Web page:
Size really doesn't matter. Nestled along the southern part of the marina, this little rental place gets more fun from less space. Boat sizes range from 22 to 25 feet. There are Catalinas for the faint of heart, Hunters for the more adventurous, and J's for the hard-core speed freaks. If you don't know what you're doing, take a class. Individuals and pairs welcome. After ten hours you'll have a certificate that will let you pilot a 30-footer in an enclosed waterway like Biscayne Bay, and try out your new skills.

As the city spills ever outward, formerly rural residential land becomes densely populated suburban sprawl. This particular traffic nightmare -- about a mile east of Metrozoo -- is a maze of too-short turn lanes spilling stopped traffic onto busy SW 152nd Street, traffic lights at seemingly random intervals, horn-honking motorists, and general craziness that makes people wonder whatever happened to their once-idyllic neighborhood.

We don't know about you, but we've been around these parts long enough to admit to a kind of airsickness and bone-tiredness of all this Starbucks-KFC-Subway-Howard Stern-no money down-fatal accident on the Palmetto-¡tu eres comunista!-we'll pay you to drive this SUV-live on the scene of a drive-by shooting-South Florida ambiance. And sometimes we dream of getting back to a quieter time. When that mood strikes, we're likely to pay our five bucks and slip into the oldest building in North America -- William Randolph Hearst's twelfth-century Segovian monastery (which still operates as an Episcopalian church). Past the gardens and stone cloisters, and onto a smooth oak bench. Aaahh ... starting to feel human again.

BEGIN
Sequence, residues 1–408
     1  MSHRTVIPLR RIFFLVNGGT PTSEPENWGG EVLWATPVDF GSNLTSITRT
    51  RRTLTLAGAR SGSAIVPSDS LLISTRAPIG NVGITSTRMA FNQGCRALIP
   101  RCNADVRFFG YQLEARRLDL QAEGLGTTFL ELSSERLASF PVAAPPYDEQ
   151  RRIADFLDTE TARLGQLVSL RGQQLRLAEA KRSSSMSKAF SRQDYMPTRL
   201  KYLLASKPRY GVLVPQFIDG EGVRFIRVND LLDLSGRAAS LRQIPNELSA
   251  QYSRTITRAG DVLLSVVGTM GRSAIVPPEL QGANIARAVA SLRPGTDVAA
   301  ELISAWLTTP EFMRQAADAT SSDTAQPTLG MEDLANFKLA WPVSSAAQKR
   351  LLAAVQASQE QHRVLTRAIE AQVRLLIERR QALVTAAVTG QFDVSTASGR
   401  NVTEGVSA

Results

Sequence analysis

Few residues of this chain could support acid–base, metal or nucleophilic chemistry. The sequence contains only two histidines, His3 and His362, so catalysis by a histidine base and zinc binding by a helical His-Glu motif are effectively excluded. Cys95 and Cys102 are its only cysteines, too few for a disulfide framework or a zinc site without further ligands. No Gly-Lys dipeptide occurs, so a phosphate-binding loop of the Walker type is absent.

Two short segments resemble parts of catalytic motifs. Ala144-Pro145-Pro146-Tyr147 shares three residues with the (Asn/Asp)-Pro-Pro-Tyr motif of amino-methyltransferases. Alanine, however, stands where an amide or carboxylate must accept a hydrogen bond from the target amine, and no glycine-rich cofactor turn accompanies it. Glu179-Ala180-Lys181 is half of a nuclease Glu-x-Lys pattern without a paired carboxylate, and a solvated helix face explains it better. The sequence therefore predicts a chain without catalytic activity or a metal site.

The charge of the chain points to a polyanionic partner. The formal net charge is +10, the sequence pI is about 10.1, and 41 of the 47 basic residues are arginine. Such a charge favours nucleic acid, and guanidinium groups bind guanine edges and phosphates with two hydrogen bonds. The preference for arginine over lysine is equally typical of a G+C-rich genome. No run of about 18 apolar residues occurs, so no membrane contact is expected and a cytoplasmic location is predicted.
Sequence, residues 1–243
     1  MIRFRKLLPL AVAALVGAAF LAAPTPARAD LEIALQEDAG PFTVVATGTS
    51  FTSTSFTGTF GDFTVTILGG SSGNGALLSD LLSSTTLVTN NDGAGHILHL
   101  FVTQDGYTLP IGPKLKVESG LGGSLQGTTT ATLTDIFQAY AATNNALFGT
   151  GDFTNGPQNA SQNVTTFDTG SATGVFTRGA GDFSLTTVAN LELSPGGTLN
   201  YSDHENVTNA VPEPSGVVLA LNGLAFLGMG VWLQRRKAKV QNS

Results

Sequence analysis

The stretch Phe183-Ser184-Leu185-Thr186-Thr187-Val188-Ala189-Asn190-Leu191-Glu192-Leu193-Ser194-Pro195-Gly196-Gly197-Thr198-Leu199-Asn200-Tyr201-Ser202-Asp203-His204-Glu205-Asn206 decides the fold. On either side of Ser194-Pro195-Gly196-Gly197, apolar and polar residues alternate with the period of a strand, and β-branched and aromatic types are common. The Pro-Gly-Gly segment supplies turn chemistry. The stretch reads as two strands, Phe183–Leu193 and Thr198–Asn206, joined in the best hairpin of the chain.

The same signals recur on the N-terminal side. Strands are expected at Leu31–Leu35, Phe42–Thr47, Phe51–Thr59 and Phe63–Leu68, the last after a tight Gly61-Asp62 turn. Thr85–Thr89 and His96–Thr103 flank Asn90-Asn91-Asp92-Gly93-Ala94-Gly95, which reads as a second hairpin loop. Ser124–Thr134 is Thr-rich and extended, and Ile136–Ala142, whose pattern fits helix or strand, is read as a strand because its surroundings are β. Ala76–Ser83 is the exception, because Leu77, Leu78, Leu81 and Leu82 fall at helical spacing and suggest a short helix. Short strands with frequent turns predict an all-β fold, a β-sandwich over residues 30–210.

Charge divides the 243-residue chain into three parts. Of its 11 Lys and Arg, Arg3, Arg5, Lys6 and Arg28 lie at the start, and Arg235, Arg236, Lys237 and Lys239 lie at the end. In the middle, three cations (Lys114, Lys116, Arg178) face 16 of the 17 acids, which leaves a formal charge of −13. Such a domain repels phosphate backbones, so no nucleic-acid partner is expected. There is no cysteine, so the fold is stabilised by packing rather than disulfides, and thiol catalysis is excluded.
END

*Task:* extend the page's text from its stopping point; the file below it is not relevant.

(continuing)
When a guy can afford to donate his salary to charity, you know he's loaded. Arriola, Miami's blue-eyed angel of death -- er, city manager -- made off with a cool $42 million when he sold Avanti/Case-Hoyt, his family's printing business, two years ago. Since then he's done a magnificent job of flaunting his wealth. First he joined Merrett Stierheim's team trying to straighten out the public-school system (salary: one dollar), then quit in a huff, but not before insulting Stierheim by calling him a "horrible leader" who "doesn't respect women, or blacks, or Hispanics." More recently Arriola publicly insulted the reform-minded chairman of the county's Public Health Trust, attorney Michael Kosnitzky, labeling him a "cancer" in that organization. Then he accepted Miami Mayor Manny Diaz's offer to become city manager and loudly proclaimed he'd donate his six-figure salary to the United Way, but not before unceremoniously, gleefully, firing several veteran city officials. Is this what it means to be filthy rich?

Best Of Miami®

Best Of Miami®